Spilled Milk April 4, 2008

Filed under: education, government, organic, social consciousness — terra @ 9:48 am

Ohio is considering restricting the amount of information that can be included on milk labels. Specifically, it will not allow producers to label their milk free of growth hormones (rBST and rBGH). I think consumers deserve to be as informed as possible about how our food is produced. Not allowing this information is not in the best interests of consumers. That’s my opinion.

You can inform decision makers of your opinion by visiting this site and sending them a letter or e-mail.

The OFPA requires by law that the certified organic milk produced follow strict verifiable standards. Farmers cannot inject or use any growth hormones (including rBST or rBGH) with their cows. To verify that they are following the production practices required by law farms undergo an annual inspection by a USDA-accredited certifier.

I am concerned that adopting the proposed rule would restrict interstate commerce making it difficult for suppliers, farmers and processors to do business in and out of Ohio.

The proposed rule would infringe on the consumers’ right to know about how the products were produced.

I like to know where my food comes from, and I don’t think cow-grade hormones are appropriate for human-sized consumers. It’s my opinion, not based on research, just thoughtfulness and reason. I don’t think we’re missing anything by drinking hormone-free milk. (rBGH is banned in Europe)


Vote today in Ohio! March 4, 2008

Filed under: government, local — terra @ 6:52 am

Today is an election day. Please vote to keep the Akron Metro RTA system running. I’m not getting political here, but the Metro is critical to keeping our economy as affordable as it is. Without the bus system, workers won’t have a way to get to work, so employers will have to hire people with cars who demand a higher wage, which will increase the cost of goods we buy in the Akron area, not to mention putting thousands of carless people out of work. The Beacon Journal did a good job of explaining the importance of the RTA. Please read the article with an open mind. Think long-term about the economic consequences.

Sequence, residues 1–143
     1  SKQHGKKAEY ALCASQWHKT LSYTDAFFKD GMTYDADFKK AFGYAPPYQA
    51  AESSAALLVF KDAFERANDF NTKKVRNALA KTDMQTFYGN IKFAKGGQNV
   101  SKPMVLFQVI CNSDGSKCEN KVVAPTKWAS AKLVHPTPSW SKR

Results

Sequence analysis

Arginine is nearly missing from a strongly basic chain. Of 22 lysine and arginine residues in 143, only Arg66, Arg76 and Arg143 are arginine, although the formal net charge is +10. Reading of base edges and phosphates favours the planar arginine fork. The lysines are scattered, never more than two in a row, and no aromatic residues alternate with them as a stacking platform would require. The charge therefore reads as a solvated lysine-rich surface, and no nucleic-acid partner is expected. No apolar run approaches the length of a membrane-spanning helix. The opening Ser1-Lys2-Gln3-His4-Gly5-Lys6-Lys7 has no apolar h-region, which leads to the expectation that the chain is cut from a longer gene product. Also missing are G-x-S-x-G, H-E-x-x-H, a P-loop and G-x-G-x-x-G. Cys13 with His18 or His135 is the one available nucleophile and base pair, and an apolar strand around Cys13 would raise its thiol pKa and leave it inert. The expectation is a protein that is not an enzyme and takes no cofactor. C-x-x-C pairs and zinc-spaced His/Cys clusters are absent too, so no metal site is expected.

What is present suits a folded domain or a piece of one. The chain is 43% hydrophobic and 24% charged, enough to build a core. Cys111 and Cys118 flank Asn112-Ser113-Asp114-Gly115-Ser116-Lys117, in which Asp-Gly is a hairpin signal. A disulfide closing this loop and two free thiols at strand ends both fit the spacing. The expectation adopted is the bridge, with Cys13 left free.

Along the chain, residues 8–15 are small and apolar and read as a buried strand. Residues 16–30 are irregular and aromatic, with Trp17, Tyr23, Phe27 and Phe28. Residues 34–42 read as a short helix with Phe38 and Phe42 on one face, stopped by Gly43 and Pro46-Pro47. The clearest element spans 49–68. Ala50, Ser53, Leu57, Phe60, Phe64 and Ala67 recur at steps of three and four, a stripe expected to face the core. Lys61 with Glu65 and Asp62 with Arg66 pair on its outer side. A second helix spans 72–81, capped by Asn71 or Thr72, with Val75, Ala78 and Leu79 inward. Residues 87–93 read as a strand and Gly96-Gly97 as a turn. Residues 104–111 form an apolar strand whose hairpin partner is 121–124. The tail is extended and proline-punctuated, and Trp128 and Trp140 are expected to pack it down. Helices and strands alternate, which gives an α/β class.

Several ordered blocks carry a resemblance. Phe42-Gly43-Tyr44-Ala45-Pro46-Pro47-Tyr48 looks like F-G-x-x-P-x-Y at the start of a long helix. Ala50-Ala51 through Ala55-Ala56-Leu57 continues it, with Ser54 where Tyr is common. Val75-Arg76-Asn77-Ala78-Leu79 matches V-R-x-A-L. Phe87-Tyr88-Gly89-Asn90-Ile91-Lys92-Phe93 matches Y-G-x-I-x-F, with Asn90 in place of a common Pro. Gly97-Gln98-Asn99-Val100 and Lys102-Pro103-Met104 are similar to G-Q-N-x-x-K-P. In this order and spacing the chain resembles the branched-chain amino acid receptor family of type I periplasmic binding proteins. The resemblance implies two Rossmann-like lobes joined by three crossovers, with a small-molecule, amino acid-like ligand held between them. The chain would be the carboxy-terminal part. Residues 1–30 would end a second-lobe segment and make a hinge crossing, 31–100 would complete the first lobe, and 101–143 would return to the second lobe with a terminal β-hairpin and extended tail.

Also, the MetroSCAT is at stake today. SCAT is used by people with disabilities, and seniors who need to get to the grocery store and to medical appointments, etc.

Vote yes for our economy, and your neighbors.

Find out where to vote here. Polls are open 6:30 am – 7:30 pm. If you have problems voting, call your local Board of Elections. (Summit County – 330-643-5200)


Beet Juice in the News February 25, 2008

Filed under: cars, environment, government, local — terra @ 12:00 pm

NPR did a story about beet juice de-icer this morning on Morning Edition. They highlighted the benefits beet juice has over calcium chloride (rock salt). Stuff like … better for the environment, safer, longer-lasting, works at colder temperatures, better for roads and cars. It costs more per gallon, but it spreads better and only has to be applied once, rather than 3 times for calcium chloride. It also saves taxpayers’ money on roadFOOD SEASON-BEETS CS repair, as it does less damage to roads than the salt. The citizen they interviewed from Akron didn’t seem impressed, because of the immediate cost. I think he must have forgotten the long-term benefits of saving money on road repair. How exciting for Akron to be featured on a national program for reducing our impact on the planet by thinking differently!